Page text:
As reported here last Friday, the “hate speech” conviction of the historian and journalist Lars Hedegaard has been overturned by the Danish Supreme Court. Below is an account of the case from Sappho.dk, as translated by the editors.
Free Press Society President acquitted by unanimous Supreme Court
This verdict is not necessarily a victory for free speech, says Lars Hedegaard
By the Editors of Sappho.dk
(COPENHAGEN, 20 April 2012) A panel of seven Supreme Court justices led by Chief Justice Børge Dahl has acquitted Free Press Society President Lars Hedegaard, who stood accused of intentionally denigrating Muslims.
In a press release the Court states that “there has been no basis for convicting him of intentionally disseminating his remarks to a wider audience”. Consequently, the Court can find no grounds for remitting the case for re-trial in Superior Court, which convicted Lars Hedegaard after he had been found not guilty in the lower court.
“I’m satisfied that the Supreme Court has delivered a verdict in accordance with the evidence given in lower and superior court. The prosecution had this evidence before it decided to press charges so I cannot understand why it went ahead.
“The prosecutor has burdened the courts and the taxpayers needlessly for more than two years.”
The truth still doesn’t count
Lars Hedegaard goes on:
“This judgment is not necessarily a victory for free speech. Article 266b, under which I was charged, remains unchanged. It remains a disgrace to any civilised society and is an open invitation to frivolous trials. Thus, we still have no right to refer to truth if we are indicted under this article.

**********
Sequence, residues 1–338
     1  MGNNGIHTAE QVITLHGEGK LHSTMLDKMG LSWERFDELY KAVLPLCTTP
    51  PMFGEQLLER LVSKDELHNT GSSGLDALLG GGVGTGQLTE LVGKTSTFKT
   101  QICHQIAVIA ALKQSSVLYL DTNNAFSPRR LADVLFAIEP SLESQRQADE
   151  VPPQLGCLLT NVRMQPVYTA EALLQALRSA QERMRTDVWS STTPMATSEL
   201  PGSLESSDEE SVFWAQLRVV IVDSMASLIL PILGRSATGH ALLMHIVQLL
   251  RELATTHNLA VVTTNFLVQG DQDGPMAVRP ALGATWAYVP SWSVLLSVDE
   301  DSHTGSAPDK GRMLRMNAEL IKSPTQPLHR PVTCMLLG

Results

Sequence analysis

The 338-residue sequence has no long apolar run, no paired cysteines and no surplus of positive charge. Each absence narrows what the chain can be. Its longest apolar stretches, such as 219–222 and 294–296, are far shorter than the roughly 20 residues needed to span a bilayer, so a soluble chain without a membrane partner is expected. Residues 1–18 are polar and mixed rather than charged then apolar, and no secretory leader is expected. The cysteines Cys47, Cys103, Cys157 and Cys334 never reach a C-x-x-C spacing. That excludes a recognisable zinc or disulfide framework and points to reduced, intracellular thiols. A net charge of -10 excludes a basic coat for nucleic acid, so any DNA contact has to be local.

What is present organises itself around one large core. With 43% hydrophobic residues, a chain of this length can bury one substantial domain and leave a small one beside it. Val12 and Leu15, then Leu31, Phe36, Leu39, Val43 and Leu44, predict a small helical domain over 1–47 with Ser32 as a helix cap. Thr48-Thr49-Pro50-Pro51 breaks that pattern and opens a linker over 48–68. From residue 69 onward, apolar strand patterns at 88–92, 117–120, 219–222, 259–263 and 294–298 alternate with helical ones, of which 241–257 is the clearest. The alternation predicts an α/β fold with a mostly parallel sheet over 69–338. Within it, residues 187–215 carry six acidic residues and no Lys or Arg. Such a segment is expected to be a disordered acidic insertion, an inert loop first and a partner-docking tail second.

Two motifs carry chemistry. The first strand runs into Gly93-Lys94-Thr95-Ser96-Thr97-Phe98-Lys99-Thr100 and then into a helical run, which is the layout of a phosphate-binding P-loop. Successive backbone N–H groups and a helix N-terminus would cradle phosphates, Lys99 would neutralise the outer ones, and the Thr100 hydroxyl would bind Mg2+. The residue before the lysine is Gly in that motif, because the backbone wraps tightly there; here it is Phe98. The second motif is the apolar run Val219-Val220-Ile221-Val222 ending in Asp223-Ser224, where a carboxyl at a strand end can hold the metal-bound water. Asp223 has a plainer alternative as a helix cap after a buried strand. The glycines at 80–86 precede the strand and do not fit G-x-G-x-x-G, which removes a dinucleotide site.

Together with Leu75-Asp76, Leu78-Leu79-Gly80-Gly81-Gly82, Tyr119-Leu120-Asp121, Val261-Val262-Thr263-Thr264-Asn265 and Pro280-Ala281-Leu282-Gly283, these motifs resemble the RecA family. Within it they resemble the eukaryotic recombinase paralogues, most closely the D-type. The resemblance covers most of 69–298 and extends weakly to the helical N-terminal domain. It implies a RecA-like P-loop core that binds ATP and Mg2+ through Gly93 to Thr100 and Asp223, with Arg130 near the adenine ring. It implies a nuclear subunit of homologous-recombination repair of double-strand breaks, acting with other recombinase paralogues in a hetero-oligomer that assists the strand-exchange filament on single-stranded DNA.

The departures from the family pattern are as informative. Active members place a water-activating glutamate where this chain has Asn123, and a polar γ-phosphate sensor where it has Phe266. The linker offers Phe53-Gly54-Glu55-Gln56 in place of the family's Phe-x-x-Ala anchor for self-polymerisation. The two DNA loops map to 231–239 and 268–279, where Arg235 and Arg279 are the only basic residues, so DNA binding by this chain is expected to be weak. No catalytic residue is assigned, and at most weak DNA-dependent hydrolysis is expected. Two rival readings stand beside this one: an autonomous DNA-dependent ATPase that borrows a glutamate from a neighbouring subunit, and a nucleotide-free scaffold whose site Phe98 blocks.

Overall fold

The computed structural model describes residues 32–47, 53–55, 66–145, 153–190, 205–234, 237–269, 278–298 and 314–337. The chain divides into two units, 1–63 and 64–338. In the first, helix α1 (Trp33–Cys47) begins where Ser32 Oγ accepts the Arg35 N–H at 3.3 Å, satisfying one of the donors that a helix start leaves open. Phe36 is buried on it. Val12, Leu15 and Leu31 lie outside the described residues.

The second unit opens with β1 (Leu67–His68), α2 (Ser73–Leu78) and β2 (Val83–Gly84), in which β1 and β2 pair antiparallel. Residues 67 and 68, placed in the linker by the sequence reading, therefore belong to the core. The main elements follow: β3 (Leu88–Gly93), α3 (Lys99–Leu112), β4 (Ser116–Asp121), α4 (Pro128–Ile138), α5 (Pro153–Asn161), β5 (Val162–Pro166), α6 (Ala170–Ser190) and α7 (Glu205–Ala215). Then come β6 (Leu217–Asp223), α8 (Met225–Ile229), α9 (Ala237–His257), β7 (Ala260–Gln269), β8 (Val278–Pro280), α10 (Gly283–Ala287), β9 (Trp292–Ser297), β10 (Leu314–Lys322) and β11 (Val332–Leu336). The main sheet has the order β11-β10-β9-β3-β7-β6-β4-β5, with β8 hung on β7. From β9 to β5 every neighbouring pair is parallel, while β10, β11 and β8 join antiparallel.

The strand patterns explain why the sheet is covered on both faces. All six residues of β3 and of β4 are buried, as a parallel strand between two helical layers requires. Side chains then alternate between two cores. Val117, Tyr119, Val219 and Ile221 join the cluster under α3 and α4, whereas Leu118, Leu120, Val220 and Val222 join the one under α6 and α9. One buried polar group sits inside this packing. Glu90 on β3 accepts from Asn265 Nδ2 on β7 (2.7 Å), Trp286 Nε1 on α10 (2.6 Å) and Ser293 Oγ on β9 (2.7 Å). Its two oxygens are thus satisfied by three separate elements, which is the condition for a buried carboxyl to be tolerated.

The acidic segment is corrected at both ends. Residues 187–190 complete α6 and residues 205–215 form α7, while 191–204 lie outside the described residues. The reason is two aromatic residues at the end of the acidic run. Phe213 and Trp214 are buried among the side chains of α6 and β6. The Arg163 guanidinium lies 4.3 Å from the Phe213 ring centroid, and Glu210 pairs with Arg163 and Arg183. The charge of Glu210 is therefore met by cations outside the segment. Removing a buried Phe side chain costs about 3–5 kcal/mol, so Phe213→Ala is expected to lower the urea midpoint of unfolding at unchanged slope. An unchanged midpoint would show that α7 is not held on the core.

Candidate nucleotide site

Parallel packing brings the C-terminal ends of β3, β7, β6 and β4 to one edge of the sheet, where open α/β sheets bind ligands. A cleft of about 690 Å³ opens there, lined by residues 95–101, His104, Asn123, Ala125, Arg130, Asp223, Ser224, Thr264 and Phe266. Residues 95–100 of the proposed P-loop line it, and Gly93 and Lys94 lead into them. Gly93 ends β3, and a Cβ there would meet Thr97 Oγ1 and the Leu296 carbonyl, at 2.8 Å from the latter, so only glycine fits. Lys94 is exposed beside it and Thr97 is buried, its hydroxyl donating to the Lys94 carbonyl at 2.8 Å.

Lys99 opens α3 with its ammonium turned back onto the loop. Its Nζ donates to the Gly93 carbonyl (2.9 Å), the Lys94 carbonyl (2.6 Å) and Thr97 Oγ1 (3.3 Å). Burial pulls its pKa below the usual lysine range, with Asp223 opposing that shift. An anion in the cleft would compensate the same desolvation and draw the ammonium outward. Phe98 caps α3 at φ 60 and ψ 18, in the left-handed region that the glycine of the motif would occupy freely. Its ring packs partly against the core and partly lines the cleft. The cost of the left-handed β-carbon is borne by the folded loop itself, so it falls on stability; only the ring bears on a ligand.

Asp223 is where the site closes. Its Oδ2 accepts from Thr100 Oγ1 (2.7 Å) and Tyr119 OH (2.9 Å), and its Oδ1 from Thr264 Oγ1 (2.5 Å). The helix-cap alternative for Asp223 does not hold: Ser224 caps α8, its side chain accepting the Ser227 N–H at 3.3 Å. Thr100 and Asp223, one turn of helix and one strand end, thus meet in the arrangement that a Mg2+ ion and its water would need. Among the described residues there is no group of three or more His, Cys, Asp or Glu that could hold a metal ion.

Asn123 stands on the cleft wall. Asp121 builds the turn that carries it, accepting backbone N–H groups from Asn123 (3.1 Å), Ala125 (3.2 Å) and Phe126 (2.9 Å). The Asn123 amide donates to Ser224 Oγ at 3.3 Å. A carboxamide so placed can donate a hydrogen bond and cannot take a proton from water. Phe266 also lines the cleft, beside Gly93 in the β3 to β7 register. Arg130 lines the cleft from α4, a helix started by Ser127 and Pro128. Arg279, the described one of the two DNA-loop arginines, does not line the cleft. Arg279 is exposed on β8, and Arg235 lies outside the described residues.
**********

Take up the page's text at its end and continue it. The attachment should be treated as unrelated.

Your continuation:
“There have been several attempts to make 266b conform to normal standards of justice but successive governments and parliamentary majorities have steadfastly refused.
“I am, however, happy that my acquittal means that at least the Supreme Court has set a limit to how deeply the State may penetrate one’s private life. The Supreme Court has clearly upheld the principle that for a statement to be criminal, it must have been made with the intent of public dissemination. We may still talk freely in our own homes.”
Continued struggle against 266b
“My personal reaction to more than two years of fatiguing litigation is to demand written guarantees from people who want to talk to me. With their signatures they must confirm that nothing be passed on without my express approval and without me having had a chance to vet it. This goes whether people are journalists or not.
“I would advise everybody to do the same for we all know that the prosecutor lies in wait.
The Free Press Society will strengthen its struggle against the penal code’s despicable article 266b.”